S.3356 - Global Conservation Act of 2012112th Congress (2011-2012)
|Sponsor:||Sen. Portman, Rob [R-OH] (Introduced 06/28/2012)|
|Committees:||Senate - Foreign Relations|
|Latest Action:||Senate - 06/28/2012 Read twice and referred to the Committee on Foreign Relations. (All Actions)|
This bill has the status Introduced
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Summary: S.3356 — 112th Congress (2011-2012)All Information (Except Text)
Introduced in Senate (06/28/2012)
Global Conservation Act of 2012 - Directs the Secretary of State to enter into an arrangement with the National Academy of Sciences to conduct a study of, and report to Congress on, U.S. international conservation programs to determine the extent to which such programs are: (1) advancing conservation in the world's most ecologically and economically important terrestrial and marine ecosystems; (2) addressing natural resource challenges; (3) advancing U.S. foreign policy priorities in areas such as security, democratization, sustainable food production, and clean water; (4) enhancing economic and wildlife conservation benefits derived from properly managed international hunting and angling tourism; and (5) addressing poaching, illegal logging, fishing, and wildlife trafficking.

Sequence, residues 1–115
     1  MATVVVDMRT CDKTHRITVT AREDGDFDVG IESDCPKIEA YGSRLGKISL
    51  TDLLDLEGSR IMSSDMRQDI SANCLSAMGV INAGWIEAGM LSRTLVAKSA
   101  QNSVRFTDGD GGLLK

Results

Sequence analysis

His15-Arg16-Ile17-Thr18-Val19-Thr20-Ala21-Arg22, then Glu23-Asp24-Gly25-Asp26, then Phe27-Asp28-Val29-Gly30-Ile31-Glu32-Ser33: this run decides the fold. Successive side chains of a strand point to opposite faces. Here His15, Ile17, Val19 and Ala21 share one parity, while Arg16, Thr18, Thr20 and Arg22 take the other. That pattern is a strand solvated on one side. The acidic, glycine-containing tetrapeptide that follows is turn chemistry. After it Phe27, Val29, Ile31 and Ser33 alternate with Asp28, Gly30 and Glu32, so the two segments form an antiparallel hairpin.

Directs the President: (1) to establish the Interagency Working Group on Global Conservation; and (2) through such Working Group, to establish the International Conservation Strategy to strengthen the capacity of the United States to collaborate with other countries, international organizations, the private sector, and private voluntary organizations to conserve natural resources and enhance biodiversity. Requires the Strategy to provide a comprehensive plan of action that identifies specific and measurable benchmarks, goals, and time frames. Requires the Working Group to ensure that the Strategy is appropriate to local needs and conditions and incorporates the views of partner countries.
Establishes the Global Conservation Public Advisory Board to: (1) advise the Working Group on matters related to U.S. international conservation policies and programs and the implementation of the Strategy; and (2) ensure that the best scientific, policy, economic security, and business expertise are reflected in U.S. international conservation strategies and policies.
Prohibits any provision in this Act from being construed as restricting, limiting, or otherwise impairing: (1) properly managed recreational hunting and angling, or (2) the ability of any foreign jurisdiction or authority to authorize regulated programs supporting wildlife for local consumption and commercialization.
Urges the President to work with foreign assistance donor countries to: (1) develop a comprehensive international conservation assistance strategy consistent with the United States International Conservation Strategy, (2) identify multilateral mechanisms to coordinate international action, and (3) agree on a timetable for achieving the goals of the United States International Conservation Strategy.